​Is next-gen wells-to-wheels analysis a potential teaching tool?

We all have that T-Shirt: You know the one, inscribed with: It seemed like a good idea at the time .

Just ask Whistler mayor Jack Crompton; he's wearing a neon version these days.

Unless you have been living under a rock for the past week, you will recognize poor Jack as the municipal leader who thought it was a good idea to ask leading energy companies, including Canadian Natural Resources, to ante up a chunk of change to help mitigate impact Whistler is ostensibly experiencing as a result of climate change.

Predictably, Jack was whisked to the principal's office for a quick lesson in Whistler’s own role in said climate impacts.

Buried in the outpouring of response — which ranged predictably from the irrationally emotional to the pragmatically realistic — was an important point made by Cenovus Energy boss Alex Pourbaix, who pointed out a variation on the Pareto Principle: 80 per cent of a barrel's emissions come from the consumption end of its lifecycle, specifically gasoline.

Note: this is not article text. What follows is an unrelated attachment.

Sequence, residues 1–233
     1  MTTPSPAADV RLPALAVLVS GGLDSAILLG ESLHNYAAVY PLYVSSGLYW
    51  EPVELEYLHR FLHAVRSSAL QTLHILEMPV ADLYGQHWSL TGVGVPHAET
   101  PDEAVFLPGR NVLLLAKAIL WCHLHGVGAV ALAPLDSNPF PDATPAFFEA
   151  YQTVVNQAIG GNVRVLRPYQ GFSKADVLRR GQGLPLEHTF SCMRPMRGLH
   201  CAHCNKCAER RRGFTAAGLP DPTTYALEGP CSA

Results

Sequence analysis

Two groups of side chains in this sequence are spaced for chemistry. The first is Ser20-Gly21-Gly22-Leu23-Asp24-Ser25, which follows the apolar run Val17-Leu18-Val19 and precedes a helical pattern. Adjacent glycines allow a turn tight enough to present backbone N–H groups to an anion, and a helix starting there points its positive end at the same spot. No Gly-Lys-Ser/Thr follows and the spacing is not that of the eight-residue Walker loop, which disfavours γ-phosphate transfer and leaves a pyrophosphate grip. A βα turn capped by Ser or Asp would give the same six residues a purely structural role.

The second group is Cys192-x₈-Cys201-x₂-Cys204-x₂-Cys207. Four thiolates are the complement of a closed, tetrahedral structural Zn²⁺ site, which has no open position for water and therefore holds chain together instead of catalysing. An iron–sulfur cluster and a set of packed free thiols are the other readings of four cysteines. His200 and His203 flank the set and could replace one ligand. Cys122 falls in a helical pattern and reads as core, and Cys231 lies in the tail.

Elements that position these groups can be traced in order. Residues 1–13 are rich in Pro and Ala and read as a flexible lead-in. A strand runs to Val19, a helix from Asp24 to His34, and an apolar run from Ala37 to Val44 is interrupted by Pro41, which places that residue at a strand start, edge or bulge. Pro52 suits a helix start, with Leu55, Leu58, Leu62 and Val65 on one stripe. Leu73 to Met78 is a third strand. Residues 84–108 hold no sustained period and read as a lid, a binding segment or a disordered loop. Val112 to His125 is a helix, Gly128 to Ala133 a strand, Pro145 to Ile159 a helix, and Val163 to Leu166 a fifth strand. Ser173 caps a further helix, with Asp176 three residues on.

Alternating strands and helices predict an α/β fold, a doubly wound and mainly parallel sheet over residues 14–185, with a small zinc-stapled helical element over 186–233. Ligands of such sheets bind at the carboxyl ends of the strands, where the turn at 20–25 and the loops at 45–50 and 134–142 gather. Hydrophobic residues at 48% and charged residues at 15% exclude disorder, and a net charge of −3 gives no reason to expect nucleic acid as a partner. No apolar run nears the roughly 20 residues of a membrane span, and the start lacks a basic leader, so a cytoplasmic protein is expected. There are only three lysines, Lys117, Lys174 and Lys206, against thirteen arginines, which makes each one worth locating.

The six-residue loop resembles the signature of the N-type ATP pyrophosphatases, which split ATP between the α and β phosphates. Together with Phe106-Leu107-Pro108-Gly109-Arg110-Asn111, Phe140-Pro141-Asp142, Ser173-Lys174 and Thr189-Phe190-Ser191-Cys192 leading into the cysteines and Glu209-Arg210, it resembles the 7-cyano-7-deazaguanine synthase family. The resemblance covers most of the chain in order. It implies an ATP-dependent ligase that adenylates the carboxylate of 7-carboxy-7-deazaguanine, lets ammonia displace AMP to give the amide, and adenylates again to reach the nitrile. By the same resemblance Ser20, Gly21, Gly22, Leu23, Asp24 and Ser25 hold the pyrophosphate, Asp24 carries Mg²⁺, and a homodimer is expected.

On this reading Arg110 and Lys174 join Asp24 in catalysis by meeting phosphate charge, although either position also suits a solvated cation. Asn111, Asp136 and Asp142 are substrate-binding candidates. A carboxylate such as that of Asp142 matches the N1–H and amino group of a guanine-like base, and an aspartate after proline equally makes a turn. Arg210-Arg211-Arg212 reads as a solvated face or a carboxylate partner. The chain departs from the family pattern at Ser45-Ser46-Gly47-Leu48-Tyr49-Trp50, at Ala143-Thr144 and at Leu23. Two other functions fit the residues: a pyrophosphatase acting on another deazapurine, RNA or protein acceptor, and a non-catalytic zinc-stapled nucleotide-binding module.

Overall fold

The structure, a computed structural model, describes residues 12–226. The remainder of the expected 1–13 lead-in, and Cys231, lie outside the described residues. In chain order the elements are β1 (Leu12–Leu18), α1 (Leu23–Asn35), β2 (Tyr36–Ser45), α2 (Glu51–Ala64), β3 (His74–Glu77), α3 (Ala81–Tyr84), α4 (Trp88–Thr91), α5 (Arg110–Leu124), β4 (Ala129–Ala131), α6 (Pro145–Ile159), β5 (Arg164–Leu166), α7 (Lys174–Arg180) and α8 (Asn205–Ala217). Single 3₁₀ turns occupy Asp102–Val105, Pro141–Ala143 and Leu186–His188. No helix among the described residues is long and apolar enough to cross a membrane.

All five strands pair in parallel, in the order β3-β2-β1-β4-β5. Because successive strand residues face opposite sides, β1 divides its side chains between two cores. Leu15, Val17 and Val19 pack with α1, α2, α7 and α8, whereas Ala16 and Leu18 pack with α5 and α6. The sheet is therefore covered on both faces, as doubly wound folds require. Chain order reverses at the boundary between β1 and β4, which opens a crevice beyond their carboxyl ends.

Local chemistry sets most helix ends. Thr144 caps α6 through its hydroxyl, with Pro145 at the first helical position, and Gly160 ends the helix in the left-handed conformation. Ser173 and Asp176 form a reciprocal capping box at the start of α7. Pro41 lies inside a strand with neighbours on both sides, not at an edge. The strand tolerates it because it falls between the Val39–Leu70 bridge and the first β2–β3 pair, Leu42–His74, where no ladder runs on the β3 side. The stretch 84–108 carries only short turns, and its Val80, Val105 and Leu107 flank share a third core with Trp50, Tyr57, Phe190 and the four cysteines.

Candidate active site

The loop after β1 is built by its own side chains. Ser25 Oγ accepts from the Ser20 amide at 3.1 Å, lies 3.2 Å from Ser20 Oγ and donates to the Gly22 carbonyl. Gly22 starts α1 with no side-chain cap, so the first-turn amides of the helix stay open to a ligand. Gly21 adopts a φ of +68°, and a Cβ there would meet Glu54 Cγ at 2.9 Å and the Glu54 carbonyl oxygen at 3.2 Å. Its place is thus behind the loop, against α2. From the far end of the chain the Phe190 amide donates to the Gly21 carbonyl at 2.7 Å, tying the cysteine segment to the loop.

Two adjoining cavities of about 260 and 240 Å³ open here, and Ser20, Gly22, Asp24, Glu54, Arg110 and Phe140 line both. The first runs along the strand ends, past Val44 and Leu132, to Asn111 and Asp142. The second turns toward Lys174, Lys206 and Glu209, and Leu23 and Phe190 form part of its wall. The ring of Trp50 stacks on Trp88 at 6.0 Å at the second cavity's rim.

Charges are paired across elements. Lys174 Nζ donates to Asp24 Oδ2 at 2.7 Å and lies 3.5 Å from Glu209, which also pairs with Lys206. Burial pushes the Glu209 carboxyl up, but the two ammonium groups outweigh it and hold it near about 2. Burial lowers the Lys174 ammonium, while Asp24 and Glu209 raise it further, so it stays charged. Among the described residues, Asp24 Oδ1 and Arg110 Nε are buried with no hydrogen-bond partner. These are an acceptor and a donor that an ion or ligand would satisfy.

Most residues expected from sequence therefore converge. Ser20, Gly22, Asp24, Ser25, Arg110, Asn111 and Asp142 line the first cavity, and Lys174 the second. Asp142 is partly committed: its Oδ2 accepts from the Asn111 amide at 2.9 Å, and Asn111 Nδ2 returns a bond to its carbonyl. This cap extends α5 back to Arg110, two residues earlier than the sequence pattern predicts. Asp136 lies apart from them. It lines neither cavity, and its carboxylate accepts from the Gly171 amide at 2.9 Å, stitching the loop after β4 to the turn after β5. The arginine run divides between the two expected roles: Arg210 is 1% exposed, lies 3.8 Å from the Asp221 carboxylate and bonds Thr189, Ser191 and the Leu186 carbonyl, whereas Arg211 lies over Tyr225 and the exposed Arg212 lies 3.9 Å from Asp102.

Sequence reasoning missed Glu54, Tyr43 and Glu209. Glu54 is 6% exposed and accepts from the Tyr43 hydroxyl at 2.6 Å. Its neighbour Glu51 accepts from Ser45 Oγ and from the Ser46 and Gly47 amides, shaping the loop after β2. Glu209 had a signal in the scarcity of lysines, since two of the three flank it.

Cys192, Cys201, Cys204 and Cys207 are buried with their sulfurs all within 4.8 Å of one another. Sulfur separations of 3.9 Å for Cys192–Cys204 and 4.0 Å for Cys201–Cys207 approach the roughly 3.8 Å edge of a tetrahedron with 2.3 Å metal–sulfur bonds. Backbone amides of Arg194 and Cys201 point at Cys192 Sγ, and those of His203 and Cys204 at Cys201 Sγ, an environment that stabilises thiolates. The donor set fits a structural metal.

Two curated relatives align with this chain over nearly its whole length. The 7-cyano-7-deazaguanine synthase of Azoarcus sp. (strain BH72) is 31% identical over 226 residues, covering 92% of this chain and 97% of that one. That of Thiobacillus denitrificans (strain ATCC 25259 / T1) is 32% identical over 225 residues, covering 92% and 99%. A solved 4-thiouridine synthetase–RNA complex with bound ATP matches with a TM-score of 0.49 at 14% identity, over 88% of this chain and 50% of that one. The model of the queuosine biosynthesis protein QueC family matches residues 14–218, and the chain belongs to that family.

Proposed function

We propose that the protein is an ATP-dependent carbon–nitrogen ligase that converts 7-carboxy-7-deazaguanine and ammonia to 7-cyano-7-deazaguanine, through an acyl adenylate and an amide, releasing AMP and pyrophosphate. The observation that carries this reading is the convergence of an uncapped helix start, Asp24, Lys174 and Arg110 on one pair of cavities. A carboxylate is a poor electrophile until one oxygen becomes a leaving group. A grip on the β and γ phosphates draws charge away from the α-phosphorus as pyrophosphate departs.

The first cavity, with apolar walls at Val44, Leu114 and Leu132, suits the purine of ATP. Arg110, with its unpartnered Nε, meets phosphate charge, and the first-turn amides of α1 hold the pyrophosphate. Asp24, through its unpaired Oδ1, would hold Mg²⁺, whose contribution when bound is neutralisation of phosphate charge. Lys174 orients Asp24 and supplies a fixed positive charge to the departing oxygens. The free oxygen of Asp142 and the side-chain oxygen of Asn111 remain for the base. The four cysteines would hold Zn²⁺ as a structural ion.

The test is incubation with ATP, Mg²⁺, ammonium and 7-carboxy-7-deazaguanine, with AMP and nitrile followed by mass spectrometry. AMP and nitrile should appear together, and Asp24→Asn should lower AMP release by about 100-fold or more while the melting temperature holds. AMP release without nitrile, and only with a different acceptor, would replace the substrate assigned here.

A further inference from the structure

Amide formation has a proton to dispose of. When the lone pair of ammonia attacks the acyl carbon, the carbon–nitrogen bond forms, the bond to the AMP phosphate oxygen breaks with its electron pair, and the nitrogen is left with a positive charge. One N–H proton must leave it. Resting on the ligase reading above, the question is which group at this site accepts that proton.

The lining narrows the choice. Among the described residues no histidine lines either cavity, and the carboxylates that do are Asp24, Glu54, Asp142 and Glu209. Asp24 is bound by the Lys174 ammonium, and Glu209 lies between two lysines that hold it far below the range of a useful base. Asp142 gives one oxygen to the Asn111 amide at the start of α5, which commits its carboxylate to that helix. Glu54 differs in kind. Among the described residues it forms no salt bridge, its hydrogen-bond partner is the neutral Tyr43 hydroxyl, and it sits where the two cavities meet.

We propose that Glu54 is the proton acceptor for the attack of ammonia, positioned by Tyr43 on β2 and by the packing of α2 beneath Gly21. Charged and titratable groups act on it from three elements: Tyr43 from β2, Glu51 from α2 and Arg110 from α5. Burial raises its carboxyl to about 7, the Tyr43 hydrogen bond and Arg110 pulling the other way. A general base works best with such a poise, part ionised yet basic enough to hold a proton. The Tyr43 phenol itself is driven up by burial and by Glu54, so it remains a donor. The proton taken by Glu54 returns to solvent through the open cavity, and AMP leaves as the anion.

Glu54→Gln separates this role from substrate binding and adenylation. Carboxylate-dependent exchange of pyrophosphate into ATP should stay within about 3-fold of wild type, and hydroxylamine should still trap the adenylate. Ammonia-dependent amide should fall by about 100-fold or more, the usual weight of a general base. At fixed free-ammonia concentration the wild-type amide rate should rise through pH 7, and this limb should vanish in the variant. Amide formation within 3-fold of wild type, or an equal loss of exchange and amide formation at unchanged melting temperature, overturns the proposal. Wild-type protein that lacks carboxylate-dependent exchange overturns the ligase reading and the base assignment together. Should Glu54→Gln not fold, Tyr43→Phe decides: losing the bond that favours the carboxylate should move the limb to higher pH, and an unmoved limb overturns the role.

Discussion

In other words, from the thousands upon thousands of internal combustion engines that motor up and down the Sea to Sky Highway from Vancouver to Whistler, in order for occupants of said vehicles to sample the resort community’s four-seasons delights.

The Crompton Case, as it shall forthwith be known, is pretty standard energy discourse fare in Canada these days. Well-meaning but poorly prepared advocates of climate integrity make some outlandish assertion about causality emanating from hydrocarbon production — often without fully thinking through or vetting their contentions.

Invariably, the spectrum of industry response ranges from pointing out the claim’s inherent hypocrisy to how the industry’s emissions performance is exponentially improving.

But nothing changes one unalterable, unchanging and unassailable fact of life: petroleum products like gasoline get produced because people consume them. Full stop.